Instant Pot Keema


Keema, a saucy, spiced, ground meat dish with peas, is comfort food that takes minutes to make in an instant pot!

Instant Pot Keema Recipe by Ashley of

Have you ever had keema before? It kind of reminds me of Indian spaghetti sauce, only with fewer tomatoes and way more flavor. Oh, and peas.

Am I crazy for making that comparison? Someone tell me that you agree with me. I mean, it’s essentially an Indian spiced bolognese. You can eat it over pasta if you want, I mean, why not. Normally though, we eat it with basmati rice or with an Indian flatbread.

Instant Pot Keema Recipe by Ashley of

I think keema mattar makes for a good “gateway” dish into Indian cuisine (that and butter chicken, of course). It’s a simple, comfort-food dish that you can make with any ground meat, lamb, goat, beef, turkey, chicken, etc.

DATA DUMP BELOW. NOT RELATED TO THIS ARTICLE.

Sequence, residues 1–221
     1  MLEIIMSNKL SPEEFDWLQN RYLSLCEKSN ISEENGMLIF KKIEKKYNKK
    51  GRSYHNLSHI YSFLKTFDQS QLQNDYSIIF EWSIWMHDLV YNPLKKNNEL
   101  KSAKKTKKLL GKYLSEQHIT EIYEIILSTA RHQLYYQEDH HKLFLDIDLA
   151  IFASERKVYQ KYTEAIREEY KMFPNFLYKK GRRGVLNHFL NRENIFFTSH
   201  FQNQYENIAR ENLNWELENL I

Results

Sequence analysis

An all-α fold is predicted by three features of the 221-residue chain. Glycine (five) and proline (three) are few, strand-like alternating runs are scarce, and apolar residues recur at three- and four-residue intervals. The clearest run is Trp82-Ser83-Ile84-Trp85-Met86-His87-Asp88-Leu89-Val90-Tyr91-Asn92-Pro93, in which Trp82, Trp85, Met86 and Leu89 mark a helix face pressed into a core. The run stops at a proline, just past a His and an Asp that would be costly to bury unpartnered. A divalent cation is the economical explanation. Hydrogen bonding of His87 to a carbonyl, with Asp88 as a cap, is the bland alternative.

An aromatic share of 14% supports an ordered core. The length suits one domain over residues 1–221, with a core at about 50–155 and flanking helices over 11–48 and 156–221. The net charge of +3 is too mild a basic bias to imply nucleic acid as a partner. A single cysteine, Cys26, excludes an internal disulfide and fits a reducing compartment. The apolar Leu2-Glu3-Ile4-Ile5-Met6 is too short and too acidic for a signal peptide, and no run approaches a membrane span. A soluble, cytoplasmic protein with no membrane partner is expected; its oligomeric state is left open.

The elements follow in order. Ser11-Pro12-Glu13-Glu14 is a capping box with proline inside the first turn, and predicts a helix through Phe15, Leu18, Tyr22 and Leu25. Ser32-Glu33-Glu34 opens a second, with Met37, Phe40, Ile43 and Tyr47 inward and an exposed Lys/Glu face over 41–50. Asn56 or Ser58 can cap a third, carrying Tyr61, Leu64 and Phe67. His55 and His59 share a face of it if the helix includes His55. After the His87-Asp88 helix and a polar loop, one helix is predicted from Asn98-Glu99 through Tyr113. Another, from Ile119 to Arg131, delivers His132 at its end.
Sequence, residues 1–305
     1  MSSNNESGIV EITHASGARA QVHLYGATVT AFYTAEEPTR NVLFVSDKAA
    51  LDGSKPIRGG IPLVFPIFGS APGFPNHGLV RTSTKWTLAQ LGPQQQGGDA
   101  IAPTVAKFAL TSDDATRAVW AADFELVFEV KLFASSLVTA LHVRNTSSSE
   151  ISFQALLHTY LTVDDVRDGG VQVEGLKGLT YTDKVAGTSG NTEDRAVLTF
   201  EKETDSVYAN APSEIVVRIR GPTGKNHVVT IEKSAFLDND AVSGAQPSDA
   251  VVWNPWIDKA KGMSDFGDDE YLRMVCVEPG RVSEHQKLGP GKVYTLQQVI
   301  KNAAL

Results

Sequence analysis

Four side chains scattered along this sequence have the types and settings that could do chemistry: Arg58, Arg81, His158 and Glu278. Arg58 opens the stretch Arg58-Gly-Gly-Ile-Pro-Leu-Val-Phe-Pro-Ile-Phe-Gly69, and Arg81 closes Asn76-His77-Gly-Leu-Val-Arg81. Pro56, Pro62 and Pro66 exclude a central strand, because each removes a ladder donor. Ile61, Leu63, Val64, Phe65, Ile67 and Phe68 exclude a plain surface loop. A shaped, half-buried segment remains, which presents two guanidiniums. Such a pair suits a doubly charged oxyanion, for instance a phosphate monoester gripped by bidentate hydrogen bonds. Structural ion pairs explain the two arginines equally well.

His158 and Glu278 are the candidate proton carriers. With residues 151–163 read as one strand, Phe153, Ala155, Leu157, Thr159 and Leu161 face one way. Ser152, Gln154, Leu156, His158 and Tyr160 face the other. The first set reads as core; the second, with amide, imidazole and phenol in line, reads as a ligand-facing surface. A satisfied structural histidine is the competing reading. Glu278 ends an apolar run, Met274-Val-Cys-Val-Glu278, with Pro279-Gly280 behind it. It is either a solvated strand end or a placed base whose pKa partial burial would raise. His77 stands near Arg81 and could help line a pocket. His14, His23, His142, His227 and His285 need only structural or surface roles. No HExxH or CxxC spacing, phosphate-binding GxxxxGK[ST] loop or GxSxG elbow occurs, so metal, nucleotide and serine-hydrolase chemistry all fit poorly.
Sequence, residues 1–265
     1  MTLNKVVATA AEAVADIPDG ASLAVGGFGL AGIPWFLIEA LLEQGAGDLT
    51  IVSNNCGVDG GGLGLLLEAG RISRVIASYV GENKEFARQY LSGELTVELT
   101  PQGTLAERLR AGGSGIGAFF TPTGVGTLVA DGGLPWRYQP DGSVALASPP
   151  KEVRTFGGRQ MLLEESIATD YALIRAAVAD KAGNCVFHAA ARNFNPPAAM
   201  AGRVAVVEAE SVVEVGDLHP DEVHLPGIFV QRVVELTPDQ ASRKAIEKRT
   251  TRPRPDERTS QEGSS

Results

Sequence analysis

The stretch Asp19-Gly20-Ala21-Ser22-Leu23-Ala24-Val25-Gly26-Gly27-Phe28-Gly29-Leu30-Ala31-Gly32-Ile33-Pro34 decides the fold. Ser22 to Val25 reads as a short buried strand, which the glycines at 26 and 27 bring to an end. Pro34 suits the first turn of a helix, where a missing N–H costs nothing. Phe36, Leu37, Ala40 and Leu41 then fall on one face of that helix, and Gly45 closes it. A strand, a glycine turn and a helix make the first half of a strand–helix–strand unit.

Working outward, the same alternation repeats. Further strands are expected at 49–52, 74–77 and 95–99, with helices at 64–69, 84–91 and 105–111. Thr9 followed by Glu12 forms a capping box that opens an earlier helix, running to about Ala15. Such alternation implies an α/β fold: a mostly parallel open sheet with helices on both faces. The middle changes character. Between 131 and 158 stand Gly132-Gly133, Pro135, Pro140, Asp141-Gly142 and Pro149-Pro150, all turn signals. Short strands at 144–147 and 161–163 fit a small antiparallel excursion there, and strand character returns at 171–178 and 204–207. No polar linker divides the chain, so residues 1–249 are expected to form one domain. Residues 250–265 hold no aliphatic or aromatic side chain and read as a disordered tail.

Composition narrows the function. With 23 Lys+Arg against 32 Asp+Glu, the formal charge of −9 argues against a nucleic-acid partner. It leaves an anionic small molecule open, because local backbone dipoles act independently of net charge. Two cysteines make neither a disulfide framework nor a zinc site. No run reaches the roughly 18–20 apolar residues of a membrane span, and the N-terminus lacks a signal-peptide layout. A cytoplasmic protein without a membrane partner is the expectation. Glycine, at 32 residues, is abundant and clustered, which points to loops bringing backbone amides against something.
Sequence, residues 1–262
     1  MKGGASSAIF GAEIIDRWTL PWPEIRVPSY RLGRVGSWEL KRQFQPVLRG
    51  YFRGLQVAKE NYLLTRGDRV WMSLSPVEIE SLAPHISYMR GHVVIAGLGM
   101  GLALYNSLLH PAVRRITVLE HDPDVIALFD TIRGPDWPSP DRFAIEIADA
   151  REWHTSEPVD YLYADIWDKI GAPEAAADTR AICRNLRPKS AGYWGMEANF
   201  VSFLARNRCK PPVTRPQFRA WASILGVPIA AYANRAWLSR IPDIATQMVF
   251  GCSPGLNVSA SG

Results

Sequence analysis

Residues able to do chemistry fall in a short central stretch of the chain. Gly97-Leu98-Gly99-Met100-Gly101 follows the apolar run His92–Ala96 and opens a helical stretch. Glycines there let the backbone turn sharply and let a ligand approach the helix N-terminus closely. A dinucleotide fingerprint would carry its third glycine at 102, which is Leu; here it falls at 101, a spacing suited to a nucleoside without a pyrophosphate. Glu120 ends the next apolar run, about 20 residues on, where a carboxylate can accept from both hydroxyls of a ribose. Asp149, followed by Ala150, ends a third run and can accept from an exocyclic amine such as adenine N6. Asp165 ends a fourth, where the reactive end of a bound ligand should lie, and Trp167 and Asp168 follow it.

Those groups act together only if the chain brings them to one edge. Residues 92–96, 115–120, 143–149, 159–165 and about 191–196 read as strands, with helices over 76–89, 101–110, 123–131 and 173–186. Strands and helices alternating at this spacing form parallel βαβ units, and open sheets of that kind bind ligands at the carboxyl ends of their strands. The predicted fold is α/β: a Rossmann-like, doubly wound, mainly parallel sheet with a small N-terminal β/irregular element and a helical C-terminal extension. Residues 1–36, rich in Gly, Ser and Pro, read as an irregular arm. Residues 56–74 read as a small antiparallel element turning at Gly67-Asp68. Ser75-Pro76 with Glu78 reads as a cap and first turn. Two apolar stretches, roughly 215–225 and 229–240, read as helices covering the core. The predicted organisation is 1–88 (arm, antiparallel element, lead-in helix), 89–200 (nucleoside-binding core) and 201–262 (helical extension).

It’s economical and can be stretched out with peas or potatoes. I make it with peas, but I’m sure potatoes would be great too – though you’d have to reduce the cook time to 5 minutes, so the potatoes don’t turn to mush. Hey, look at me, giving those of you who actually read what I write an extra recipe!

I’ve also included directions on how to use my onion masala to make this dish even easier. Just check out the notes in the recipe below. 🙂

Serve keema with plain basmati rice or jeera rice. You can also use it as a stuffing in samosas or parathas.

Instant Pot Keema Recipe by Ashley of

Instant Pot Keema

Instant Pot Keema Recipe by Ashley of

Instant Pot Keema

Keema has been one of my favorite dishes since childhood. You can make this with any type of ground meat (beef, lamb and goat are my favorite choices). I typically eat this over rice but you can serve this with flatbread or even use it as a stuffing for samosas (Indian pastries) or parathas (Indian flatbread). I feel like this recipe as well as butter chicken are good “gateway” dishes to Indian cuisine because nearly everyone loves them!
5 from 27 reviews
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Cuisine Indian